“Blessed be the God and Father of our Lord Jesus Christ, who according to His abundant mercy has begotten us again to a living hope through the resurrection of Jesus Christ from the dead, to an inheritance incorruptible and undefiled and that does not fade away, reserved in heaven for you” (1 Peter 1:3-4).
During a remodel of a newly purchased home, a father helped his daughter remove a lot of old stuff from the garage and house spending a few weeks hauling pickup loads to the landfill so the remodeling could get underway. After about three weeks, the former owner called and asked to come by because he had left some things behind in the garage. There was little that remained and the new owners were unsure what would have been left of any value. To their surprise the former owner had hidden more than $60,000 in cash and another $20,000 in gold coins in some old paint cans. A search of the landfill was not a success.
The Egyptians have taught us that earthly treasure is only an object of a later times discovery. In the 1930’s many American learned the awful truth of the value of material things when the stock market crashed and the nation was plunged into a great financial depression. Fortunes gain today can be lost in the twinkling of an eye the next day. One of the greatest myths in advertising is a “life time” warranty because it remains dependent upon the whims of economy and the state of the nation. The news is filled with stories of men and women working 30 years for a pension plan and then finds the coffer empty because of the squandering of greedy executives. One certainty of this world is the uncertainty of what will take place tomorrow.
Jesus exhorted His disciples to have a different view of worldly possessions. There is the frantic search of what to eat, drink and put on the body and life is filled with the worries and anxieties brought about by the produce of our own demise – possessions. “Therefore I say to you, do not worry about your life, what you will eat or what you will drink; nor about your body, what you will put on. Is not life more than food and the body more than clothing” (Matthew 6:25)? His point is clear: life is more than what we spend our lives gaining. There is a greater reward than the rusting treasures of this life. Earlier the Lord had said, “Do not lay up for yourselves treasures on earth, where moth and rust destroy and where thieves break in and steal; but lay up for yourselves treasures in heaven, where neither moth nor rust destroys and where thieves do not break in and steal. For where your treasure is, there your heart will be also” (Matthew 6:19-21). We spend all our lives piling up possessions of this life and then we die and leave it to whom? Solomon understood this lesson. “Then I hated all my labor in which I had toiled under the sun, because I must leave it to the man who will come after me. And who knows whether he will be wise or a fool? Yet he will rule over all my labor in which I toiled and in which I have shown myself wise under the sun. This also is vanity” (Ecclesiastes 2:18-19).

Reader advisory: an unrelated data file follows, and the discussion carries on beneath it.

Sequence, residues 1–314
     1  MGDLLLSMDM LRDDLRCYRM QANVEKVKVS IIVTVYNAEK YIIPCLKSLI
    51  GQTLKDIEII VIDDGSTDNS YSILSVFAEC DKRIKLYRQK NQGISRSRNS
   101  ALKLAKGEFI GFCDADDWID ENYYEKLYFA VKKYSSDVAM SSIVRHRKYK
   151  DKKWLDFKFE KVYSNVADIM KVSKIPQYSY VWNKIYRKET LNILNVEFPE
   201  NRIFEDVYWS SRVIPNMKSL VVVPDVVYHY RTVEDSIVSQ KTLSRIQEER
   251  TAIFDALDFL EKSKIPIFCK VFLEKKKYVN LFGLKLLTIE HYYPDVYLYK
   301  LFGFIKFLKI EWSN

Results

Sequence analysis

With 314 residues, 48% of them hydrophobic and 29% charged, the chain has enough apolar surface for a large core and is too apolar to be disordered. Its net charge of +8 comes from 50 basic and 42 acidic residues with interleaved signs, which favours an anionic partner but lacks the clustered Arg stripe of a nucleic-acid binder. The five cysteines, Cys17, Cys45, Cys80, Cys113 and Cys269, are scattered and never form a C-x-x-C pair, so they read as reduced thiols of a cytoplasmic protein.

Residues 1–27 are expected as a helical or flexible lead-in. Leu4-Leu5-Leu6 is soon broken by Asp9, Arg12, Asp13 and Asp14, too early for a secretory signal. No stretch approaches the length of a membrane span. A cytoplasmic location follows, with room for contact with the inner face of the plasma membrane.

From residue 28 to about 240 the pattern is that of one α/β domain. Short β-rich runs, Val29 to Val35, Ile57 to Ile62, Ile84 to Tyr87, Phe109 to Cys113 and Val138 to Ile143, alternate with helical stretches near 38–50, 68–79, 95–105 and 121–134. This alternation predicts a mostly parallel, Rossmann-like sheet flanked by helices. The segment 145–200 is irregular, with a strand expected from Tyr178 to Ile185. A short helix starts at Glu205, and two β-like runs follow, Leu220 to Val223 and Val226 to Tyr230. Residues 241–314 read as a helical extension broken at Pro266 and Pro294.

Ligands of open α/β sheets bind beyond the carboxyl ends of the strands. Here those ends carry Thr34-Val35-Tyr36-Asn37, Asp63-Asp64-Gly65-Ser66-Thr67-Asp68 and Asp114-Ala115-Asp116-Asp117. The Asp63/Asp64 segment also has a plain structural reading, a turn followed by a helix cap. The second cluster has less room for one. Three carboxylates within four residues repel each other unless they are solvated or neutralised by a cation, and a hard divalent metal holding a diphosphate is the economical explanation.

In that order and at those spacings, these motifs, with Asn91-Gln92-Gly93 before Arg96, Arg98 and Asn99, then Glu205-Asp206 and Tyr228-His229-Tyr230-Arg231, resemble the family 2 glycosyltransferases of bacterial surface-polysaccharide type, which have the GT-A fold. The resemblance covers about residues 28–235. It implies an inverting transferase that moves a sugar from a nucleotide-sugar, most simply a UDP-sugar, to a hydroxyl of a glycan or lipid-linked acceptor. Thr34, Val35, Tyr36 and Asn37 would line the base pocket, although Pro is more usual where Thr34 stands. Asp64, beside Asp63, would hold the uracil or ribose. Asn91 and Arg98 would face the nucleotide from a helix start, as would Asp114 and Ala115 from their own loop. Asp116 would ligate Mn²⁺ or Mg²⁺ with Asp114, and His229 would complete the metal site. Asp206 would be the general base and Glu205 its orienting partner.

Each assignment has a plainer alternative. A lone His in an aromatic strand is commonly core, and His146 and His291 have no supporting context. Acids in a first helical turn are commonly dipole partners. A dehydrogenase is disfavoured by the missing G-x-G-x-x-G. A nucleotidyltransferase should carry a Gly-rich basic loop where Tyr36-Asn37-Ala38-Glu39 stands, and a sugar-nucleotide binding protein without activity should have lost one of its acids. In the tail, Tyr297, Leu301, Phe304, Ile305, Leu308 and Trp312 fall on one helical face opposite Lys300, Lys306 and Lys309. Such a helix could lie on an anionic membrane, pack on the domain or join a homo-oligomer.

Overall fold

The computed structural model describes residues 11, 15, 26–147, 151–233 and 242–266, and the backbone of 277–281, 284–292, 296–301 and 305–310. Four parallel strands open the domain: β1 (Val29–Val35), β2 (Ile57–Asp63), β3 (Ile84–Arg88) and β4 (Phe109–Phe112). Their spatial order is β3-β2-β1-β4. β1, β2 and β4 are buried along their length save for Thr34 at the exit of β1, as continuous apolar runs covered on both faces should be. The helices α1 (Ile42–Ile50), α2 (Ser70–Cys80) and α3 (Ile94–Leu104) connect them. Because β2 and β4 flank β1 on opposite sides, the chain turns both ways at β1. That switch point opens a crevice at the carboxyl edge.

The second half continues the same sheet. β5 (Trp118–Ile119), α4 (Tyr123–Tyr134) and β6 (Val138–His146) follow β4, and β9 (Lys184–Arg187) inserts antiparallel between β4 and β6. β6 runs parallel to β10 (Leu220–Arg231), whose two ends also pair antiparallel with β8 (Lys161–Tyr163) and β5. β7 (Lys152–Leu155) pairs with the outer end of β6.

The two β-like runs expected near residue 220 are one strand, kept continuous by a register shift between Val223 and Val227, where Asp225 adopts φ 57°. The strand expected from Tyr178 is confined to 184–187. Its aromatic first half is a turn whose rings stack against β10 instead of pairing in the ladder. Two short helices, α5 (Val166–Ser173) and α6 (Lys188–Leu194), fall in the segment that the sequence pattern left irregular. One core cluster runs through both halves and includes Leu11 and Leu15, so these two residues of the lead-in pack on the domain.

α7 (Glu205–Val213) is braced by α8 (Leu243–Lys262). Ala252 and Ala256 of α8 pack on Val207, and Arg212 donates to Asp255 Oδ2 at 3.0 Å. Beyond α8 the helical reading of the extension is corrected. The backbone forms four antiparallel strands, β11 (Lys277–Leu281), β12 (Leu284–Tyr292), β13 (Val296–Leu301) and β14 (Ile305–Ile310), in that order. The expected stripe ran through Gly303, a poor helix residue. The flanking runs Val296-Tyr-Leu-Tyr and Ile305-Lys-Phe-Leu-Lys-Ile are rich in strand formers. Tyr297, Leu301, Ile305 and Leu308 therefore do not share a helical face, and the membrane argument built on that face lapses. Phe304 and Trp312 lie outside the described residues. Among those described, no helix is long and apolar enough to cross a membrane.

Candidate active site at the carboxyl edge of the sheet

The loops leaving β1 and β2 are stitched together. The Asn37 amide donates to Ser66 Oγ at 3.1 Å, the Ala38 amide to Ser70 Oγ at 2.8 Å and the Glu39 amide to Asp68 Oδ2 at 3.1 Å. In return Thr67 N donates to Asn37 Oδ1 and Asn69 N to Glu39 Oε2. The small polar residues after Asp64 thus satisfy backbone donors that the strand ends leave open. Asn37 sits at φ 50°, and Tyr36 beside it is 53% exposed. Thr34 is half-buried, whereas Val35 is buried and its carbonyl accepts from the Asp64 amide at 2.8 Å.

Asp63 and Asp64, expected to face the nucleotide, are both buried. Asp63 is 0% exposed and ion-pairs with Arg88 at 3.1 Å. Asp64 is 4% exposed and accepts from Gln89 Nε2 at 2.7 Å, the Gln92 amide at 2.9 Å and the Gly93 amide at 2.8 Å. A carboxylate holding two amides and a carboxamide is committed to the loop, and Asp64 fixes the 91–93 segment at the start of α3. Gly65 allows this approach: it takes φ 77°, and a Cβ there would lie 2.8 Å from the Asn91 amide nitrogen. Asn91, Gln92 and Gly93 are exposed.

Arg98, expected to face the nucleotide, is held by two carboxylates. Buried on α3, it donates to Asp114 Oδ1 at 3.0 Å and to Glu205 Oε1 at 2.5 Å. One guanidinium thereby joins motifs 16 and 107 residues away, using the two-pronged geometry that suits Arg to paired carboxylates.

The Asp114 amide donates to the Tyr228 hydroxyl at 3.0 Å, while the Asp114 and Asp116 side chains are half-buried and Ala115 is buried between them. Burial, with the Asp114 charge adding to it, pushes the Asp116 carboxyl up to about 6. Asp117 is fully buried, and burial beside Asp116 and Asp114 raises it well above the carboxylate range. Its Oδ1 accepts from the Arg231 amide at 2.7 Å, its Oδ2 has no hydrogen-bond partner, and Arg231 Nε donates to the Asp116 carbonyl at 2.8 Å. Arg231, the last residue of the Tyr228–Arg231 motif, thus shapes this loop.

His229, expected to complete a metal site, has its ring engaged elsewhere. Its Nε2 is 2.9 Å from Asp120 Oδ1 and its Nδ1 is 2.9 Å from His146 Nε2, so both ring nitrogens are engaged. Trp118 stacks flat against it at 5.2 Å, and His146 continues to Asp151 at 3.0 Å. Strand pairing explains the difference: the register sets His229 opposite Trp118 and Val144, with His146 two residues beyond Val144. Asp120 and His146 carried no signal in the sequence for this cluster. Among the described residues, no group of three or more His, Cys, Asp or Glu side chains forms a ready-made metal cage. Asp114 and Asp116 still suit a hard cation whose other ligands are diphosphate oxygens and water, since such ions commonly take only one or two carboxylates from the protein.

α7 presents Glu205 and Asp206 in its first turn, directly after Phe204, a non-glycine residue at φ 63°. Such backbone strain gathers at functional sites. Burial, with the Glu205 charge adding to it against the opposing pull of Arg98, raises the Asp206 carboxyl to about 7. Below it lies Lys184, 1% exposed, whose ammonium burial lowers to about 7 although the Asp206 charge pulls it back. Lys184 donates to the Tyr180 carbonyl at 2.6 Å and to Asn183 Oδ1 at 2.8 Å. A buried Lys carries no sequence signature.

Buying a brand new car is the first step to its final decay. Building new homes is a pursuit consuming life to maintain, fix, repair, protect, paint, replace and worry about for years. The bicycle with a new coat of paint turns to rust. Even our bodies that we spend thousands of dollars to look young and beautiful still grow old and wrinkled and one day return to the dust from whence it came. “Lift up your eyes to the heavens, and look on the earth beneath. For the heavens will vanish away like smoke, the earth will grow old like a garment, and those who dwell in it will die in like manner; but My salvation will be forever, and My righteousness will not be abolished” (Isaiah 51:6).
The great joy of being a child of God is knowing that while all that we see about us is perishable the promise of eternal life is imperishable. This comes from a proper viewpoint of the life now and the life to come. Peter’s admonition to the “pilgrims of the Dispersion” (1 Peter 1:1) was to think about the inheritance promised that was incorruptible and could not be defiled and would not fade away. It is impossible for God to lie (Titus 1:2) and the promise He made is “by two immutable things, in which it is impossible for God to lie, we might have strong consolation, who have fled for refuge to lay hold of the hope set before us. This hope we have as an anchor of the soul, both sure and steadfast” (Hebrews 6:17-19). Nothing man will do can compare to the promise given by the Father.
There should be no doubt in the promise of God. Our lives should be focused not on the “I don’t know” of salvation but the blessed assurance of the promise given that Heaven is ours. “These things I have written to you who believe in the name of the Son of God, that you may know that you have eternal life, and that you may continue to believe in the name of the Son of God” (1 John 5:13). A crown of life awaits the children of God that will not fade nor rust. The promise of eternal life is the promised held in trust by the blood of Jesus Christ to those who abide in Him. I am saved. I am redeemed. I live for the King of Kings and Lord of Lords and long for the day He returns so that I may see His face and dwell in His presence throughout the eternal ages.